Lake Wollumboola is a natural highly variable, shallow intermittently closing and opening coastal lake. It is located between the Shoalhaven-Crookhaven River estuaries and Jervis Bay. The lake bed and extensive sand and mud flats are exposed following openings and during drought. This complex, extreme system provides rich and varied habitat for water birds and migratory sea and shorebirds.
(Click the image on the left to enlarge it, then click again to reduce it)
Bird habitats range from the sand bar and adjacent open ocean, to deep and shallow open water, fresh water soaks, sand banks, mudflats, rocky reefs, sedge and coastal salt marsh as well as Swamp Oak and Melaleuca forests around the shore. The significance and use of these habitats varies with each bird species and is influenced by seasons, water levels, brackish/saline quality and nutrient levels as well as lake opening/closing status.
Over 100 bird species have been recorded, including 16 species that are listed under the NSW Threatened Species Conservation Act. At least 20,000 birds at any one time have been recorded, with Black Swan and Chestnut and Grey Teal comprising the greatest numbers. The greatest numbers and diversity occur during summers when the Lake level is low, attracting both migratory waders and sea birds as well as water birds.
The Lake's significance as bird habitat is recognized by:
- inclusion of the Lake, its sand bar and southwest catchment in Jervis Bay National Park.
- recognition of the lake as a Wetland of National Importance.
- its listing as a Globally Important Bird Area for Black Swan and Chestnut Teal by Birdlife International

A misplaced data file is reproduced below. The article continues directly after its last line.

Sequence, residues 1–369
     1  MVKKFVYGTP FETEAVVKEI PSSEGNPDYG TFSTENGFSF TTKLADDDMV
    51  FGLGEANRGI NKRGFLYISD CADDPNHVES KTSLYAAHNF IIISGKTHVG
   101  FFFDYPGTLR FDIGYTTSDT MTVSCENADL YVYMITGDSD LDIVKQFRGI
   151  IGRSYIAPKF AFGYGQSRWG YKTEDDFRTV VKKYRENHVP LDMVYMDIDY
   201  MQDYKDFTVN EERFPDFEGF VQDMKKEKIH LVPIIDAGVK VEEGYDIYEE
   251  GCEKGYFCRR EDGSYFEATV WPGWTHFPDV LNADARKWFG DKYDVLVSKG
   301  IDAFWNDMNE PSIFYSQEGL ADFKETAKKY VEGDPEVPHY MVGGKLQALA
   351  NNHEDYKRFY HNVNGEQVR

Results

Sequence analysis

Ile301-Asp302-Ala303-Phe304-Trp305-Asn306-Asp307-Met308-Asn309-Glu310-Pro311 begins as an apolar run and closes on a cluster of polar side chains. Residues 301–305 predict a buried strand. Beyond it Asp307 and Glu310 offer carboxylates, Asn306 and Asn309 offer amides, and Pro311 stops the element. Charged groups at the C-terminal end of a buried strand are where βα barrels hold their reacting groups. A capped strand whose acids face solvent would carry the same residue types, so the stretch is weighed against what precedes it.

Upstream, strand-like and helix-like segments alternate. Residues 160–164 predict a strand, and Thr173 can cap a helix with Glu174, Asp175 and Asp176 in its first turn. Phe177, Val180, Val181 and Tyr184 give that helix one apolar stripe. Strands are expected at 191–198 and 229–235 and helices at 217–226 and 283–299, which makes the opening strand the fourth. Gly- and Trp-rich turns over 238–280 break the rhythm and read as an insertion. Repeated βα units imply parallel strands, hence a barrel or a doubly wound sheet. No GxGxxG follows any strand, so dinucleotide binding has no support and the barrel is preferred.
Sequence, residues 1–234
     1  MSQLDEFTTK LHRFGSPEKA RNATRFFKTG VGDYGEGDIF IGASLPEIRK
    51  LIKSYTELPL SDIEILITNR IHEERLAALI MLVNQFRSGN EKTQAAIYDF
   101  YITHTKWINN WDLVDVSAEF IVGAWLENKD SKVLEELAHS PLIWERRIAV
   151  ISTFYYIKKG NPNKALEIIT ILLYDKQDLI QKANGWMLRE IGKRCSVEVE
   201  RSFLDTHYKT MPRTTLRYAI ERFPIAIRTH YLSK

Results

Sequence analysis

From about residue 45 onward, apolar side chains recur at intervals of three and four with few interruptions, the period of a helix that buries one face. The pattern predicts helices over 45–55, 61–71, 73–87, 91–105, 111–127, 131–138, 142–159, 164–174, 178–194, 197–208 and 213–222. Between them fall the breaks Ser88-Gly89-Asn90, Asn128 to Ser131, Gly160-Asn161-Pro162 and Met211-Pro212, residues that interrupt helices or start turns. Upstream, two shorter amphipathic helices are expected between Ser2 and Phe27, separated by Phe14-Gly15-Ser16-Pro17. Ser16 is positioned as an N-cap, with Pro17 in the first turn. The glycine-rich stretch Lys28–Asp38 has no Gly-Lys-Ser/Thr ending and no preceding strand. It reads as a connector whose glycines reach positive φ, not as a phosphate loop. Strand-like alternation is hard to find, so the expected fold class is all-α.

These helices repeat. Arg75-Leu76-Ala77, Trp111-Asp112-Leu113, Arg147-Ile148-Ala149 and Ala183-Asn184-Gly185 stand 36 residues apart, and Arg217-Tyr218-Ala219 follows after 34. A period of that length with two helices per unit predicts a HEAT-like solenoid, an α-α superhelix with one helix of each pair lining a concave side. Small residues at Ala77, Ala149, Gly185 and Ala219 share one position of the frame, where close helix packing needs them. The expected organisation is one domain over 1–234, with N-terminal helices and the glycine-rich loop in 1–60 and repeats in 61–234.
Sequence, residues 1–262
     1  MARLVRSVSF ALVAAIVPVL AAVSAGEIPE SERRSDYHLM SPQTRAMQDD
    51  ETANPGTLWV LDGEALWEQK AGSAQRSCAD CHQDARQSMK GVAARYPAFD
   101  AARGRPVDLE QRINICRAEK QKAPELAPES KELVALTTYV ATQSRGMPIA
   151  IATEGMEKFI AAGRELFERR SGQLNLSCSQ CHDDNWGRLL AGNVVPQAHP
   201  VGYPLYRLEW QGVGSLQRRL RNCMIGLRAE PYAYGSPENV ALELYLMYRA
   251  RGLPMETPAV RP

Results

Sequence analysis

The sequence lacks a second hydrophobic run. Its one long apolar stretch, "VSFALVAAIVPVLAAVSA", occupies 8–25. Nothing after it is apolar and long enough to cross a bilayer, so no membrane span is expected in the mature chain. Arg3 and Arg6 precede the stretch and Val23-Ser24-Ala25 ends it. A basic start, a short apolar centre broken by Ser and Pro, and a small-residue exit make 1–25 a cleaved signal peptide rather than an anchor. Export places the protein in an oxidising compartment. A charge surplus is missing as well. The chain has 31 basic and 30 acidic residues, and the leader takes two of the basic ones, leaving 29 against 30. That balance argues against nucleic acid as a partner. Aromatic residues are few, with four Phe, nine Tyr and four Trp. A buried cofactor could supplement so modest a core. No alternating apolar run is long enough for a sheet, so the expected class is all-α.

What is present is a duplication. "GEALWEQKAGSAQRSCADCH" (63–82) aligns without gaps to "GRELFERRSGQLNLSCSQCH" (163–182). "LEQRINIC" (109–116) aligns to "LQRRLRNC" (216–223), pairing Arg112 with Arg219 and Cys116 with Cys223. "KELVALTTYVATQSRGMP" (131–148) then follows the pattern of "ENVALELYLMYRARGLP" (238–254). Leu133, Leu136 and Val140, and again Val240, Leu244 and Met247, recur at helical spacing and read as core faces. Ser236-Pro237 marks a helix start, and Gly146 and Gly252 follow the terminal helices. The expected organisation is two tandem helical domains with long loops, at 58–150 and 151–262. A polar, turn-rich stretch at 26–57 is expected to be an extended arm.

- recognition in international treaties as migratory bird habitat including breeding habitat for the Little Tern as part of the East Asian-Australasian Flyway with 34 species protected under the Commonwealth Environment Protection and Biodiversity Conservation Act
The campaign to save Lake Wollumboola
The land to the south and west of Lake Wollumboola is private land which contains the primary water catchment for the lake. Over the years, the owners of the land have applied for multiple developments comprising large estates containing hundreds of houses, including a golf course. These developments have been strenuously resisted by some local residents and environmentalists who realized that degradation of the catchment would spell doom for the quality of the lake's water, resulting in significant environmental damage and providing great threats to its birdlife.
A protracted battle to save the lake has ensued for over a quarter of a century, led primarily by Frances Bray and the Lake Wollumboola Protection Association (LWPA). Their website can be found at www.wollumboola.org.au. BirdLife Shoalhaven has supported the LWPA since its formation. In late 2018 a series of decisions to refuse development proposals in the lake's catchment has led to the hope that the campaign to save the lake might be nearing its end.
The LWPA has proposed that the lake catchment land be included in Jervis Bay National Park. If this eventuates, the immediate future of the lake looks bright!